The MotoGP race lifted the hearts of the fans even further. Though the race was won on the first lap, by a brilliant and committed Jorge Lorenzo, the Yamaha man passing Dani Pedrosa at Garage Vert and never looking back, his performance was lost in the excitement of the battle for 2nd. That was undeserved; Lorenzo’s race was a masterclass in riding in the rain, pushing when needed, being smooth when possible, and maintaining concentration for 28 long laps. Lorenzo’s brake and clutch levers have the words “Mantequilla” (butter) and “Martillo” (hammer) engraved upon them; his race today was purest Mantequilla.
The excitement behind came from the group of four chasing, the two Tech 3 bikes of Andrea Dovizioso and Cal Crutchlow, along with the Repsol Honda of Casey Stoner and the factory Ducati of Valentino Rossi. Both Dovizioso and Crutchlow looked in with a shot of their first podium, but both had their own problems. Dovizioso lacked traction, and so was making it up on the brakes, and wearing out his front tire, while Crutchlow had problems with power in a straight line (despite being fastest on the speed charts) causing the Englishman to push too hard into the corners. Both men crashed, but both men rejoined, the Tech 3 men proving that they are the toughest opposition behind Stoner, Lorenzo and Pedrosa.
But the battle of the day was surely between Valentino Rossi and Casey Stoner. The two men whose rivalry has defined the last 6 years – and divided motorcycle racing fans into two, increasingly vituperative camps – came together with 4 laps to go, and fought a tense and thrilling battle until the penultimate lap, when Rossi finally got the better of the Australian. The result thrilled the crowd and lifted the spirits at Ducati – not least, for Rossi himself, reigniting a fire that has sometimes seemed to have guttered out in the Italian. It was gratifying to see Rossi fighting with the gusto which we know he possesses, and proving that he has not lost the skill he once had.
The problem is that the clash was exceptional, rather than ordinary. Circumstances played a massive role in bringing it about, as exciting as it turned out to be. The Ducati works superbly in the wet, paradoxically, as in the dry it lacks front-end feel and suffers from overly aggressive throttle response. That all goes away in the wet, even though logic dictates it should get worse rather than better. The paradox has baffled everyone, including Ducati, though they will take whatever they can get.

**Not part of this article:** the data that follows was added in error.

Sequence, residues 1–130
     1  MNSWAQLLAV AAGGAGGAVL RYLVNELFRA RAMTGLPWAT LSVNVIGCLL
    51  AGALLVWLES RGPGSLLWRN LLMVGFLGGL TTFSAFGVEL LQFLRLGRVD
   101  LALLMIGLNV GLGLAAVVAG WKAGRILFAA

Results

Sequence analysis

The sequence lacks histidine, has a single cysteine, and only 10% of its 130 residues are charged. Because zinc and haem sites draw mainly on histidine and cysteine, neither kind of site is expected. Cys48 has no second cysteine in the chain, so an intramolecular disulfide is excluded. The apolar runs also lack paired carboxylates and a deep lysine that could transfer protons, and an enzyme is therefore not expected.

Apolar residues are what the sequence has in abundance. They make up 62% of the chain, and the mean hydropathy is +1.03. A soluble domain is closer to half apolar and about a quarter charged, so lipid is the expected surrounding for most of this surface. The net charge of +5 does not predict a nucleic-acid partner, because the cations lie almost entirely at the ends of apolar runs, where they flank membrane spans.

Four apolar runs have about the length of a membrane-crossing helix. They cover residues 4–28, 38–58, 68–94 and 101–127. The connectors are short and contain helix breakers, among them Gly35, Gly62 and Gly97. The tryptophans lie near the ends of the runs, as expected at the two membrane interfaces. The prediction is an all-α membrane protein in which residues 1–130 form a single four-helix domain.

This does not mean that Ducati is out of the woods yet, however. “For sure, when you want the rain, you are in the sh*t,” Rossi told the press conference. Getting a podium had been important for morale, but more important will be the test at Mugello on Wednesday and Thursday, when Rossi will test a new engine with some modifications to tame the power delivery. If that works, then they will have made real progress, and start to get closer to the front. The first target, Rossi explained, are the Tech 3 Yamaha bikes; if the Factory Ducatis can run with them, then that will already be major progress.
While the Ducati is faster in the wet, the Hondas appear to be struggling. Both Stoner and Dani Pedrosa complained of a complete lack of edge grip, the problem appearing to be an inability to get temperature into the tires in very cold, very wet conditions. Though Honda’s engine is impeccable, and their chassis is both agile and stable, HRC appear to have completely misjudged the 2012 Bridgestone tires. In the dry, the Hondas have severe chatter where the Yamahas have very little, as do the Ducatis. In the wet, they struggle to get the tires to the correct temperature, either failing to get heat into them or else getting too much heat in, with the tires destroying themselves as a result. Honda really need more testing time if they are to fix this, but their first opportunity will come at Barcelona.
If the clash between Rossi and Stoner had demonstrated their passion – Stoner still has some, but the clash with his old rival was not enough to change his mind about racing, he said – Ben Spies appears to be almost entirely lacking. His performance has been dismal all year, and Le Mans was no different. A problem with his visor misting meant that he could not see while riding, and so he returned to the pits to get the problem fixed. He returned to the track once again, but by then, he was already a very long way down, and scored another forgettable result. Spies’ problems have just about all been attributable to misfortune this season, but even then, Yamaha will start to lose patience at some point. Spies may be paying for his incredible run of luck during his AMA years, with the misfortune now coming as bunched together as his good luck in the AMA. Whatever the reason, he needs to turn his season around fast.
It was also pleasing to see James Ellison score his first points, also finishing as the first CRT bike. Though the practice of wheeling the first CRT bike into Parc Fermé serves more to underline the separate status of the class, disparaging the bikes rather than promoting them, having Ellison there was a moral victory for the Cumbrian. Two weeks ago, team boss Paul Bird had told British Eurosport that he would be moving Ellison aside to make way for Shane Byrne. That idea failed utterly to address the problems which Ellison was having, which center around chatter, and would merely have put another rider in exactly the same situation. Fortunately, PBM got help, in the form of a new set of electronics settings, from Aprilia which went a very long way to curing the problem. With the new electronics and a bit of help – not least from Randy de Puniet, who highsided on the grid when his launch control failed to deal with the treacherous conditions created by a pool of water – Ellison showed his boss just how wrong his thinking had been. The head, it is clear, is just as important as the heart.
Photo: Ducati Corse
This article was originally published on MotoMatters, and is republished here on Asphalt & Rubber with permission by the author.